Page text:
• @matty–oh i hear you. I work in the design/advertising biz and i can tell you that Adobe is the greatest/worst thing to happen to commercial art.However, there is as much craft in the skills that a Jedi Level photoshop ninja has as there is in an old skool sign painter or airbrush artist. I think you are talking more about a digital aesthetic, where the hand of the digital tools takes the front stage and takes focus from the art. I see that all the time and hate it (let go of the gradients!!!) as well. Its getting out of hand in comics especially in colors and letters.

      I’m not sure how old you are, but you sound like you’re from around the same generation as me. I remember life before the internet, cell phones, twitter, HD….crap i used to mess with rabbit ears to watch my cartoons. I feel live i’ve lived in two centuries. It must have been what my dad felt like when he first saw color TV.

    • @wally_ oh yeah- not to denigrate, digital is an entirely legitimate tool- but like you said, it does become the message sometimes.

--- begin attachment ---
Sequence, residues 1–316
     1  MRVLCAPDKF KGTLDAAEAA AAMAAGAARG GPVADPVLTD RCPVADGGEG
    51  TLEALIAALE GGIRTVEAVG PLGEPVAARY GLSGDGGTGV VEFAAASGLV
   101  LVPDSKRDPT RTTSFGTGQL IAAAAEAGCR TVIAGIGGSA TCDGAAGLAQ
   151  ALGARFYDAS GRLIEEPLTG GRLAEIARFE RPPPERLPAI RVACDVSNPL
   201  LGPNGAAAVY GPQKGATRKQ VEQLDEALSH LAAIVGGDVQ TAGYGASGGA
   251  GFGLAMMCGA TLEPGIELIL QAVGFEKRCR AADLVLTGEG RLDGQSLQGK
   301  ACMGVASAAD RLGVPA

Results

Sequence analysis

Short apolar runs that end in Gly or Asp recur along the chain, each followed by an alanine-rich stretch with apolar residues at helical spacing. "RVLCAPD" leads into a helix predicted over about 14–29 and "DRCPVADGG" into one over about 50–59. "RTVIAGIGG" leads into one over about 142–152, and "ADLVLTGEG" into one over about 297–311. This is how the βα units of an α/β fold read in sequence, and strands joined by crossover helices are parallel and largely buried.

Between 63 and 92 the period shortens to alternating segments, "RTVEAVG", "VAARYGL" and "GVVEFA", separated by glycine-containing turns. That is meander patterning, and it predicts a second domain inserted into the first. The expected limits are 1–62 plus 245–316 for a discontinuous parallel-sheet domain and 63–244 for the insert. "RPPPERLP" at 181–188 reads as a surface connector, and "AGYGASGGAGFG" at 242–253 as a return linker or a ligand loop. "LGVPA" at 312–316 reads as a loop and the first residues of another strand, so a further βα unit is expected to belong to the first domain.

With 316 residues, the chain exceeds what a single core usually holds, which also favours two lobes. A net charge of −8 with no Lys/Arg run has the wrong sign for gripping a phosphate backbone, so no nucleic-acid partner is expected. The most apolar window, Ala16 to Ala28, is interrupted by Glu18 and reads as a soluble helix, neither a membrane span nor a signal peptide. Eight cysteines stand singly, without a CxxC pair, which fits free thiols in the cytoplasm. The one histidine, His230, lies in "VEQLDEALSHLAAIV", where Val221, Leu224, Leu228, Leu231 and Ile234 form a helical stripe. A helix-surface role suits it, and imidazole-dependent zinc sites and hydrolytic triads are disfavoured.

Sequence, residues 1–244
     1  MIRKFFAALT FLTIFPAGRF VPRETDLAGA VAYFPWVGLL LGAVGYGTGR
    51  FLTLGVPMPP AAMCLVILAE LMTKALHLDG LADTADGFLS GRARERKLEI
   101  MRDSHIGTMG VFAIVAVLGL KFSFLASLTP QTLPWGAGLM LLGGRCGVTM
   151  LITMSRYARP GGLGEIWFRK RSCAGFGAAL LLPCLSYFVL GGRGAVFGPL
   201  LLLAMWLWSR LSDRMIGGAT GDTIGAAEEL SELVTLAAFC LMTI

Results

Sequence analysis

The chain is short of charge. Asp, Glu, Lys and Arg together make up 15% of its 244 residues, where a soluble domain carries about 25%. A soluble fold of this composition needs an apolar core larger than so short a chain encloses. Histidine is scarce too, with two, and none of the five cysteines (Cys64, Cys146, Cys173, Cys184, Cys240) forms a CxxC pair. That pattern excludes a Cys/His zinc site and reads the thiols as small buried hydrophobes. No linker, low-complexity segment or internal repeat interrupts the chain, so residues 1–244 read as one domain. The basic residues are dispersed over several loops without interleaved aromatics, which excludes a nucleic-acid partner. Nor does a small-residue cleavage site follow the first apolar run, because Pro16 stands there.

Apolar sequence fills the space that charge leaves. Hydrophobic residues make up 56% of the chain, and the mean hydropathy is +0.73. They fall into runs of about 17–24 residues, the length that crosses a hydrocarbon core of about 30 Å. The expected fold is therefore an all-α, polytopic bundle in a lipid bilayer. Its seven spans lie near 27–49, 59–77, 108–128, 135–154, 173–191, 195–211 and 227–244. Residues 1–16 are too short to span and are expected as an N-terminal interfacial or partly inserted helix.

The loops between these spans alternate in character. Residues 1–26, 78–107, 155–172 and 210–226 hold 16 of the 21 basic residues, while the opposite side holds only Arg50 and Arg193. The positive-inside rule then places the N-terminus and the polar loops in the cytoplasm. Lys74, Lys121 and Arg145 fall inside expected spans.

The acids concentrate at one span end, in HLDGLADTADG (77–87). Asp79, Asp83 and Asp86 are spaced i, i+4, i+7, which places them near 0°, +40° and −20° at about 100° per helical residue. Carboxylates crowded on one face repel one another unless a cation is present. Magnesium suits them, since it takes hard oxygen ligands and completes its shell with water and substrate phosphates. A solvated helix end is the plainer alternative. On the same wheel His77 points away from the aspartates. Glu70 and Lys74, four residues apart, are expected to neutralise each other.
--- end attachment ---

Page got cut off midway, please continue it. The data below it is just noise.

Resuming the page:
Rabbit ears! Remember UHF television stations? V66, 56 with the Creature Double Feature? or, more on topic…..Rubylith?

  28. Speaking as a father of a daughter (now 12) I’ve immersed in comics over the years — at 4 years old Tiny Titans and Young Justice are two of your best bets. They’ll be plenty of opportunity for the more “mature” female comic icons as she gets older.

  29. Anyone remember X-Babies ?

    • When Mojo turned the X-Men into little kids in X-Men Annual 10? That’s only the best comic EVER! And I know they had some spin offs where he created new X-babies to try to recreate the magic, but they would always just run wild and be out of control. You know, like actual kids.

  30. Can we get this article into the hands of the people at DC and Marvel, like, NOW!?!?!

    Here is another problem along the same lines. My 9 year old niece decided she wanted to read some comics. she spends a lot of time with my father so naturally she said “Grandpa, I want to get some comic books.” So my father took her out to get comics……. AND THEY COULDN’T FIND ANY!

    How are kids supposed to get into comics if they never see them? When i was young, yeah I went to comic shops. But I also bought a whole bunch of comics at 7-11 or the local newsstand or supermarkets, too. Maybe part of the reason comics don’t sell that well is because nobody knows where to find them?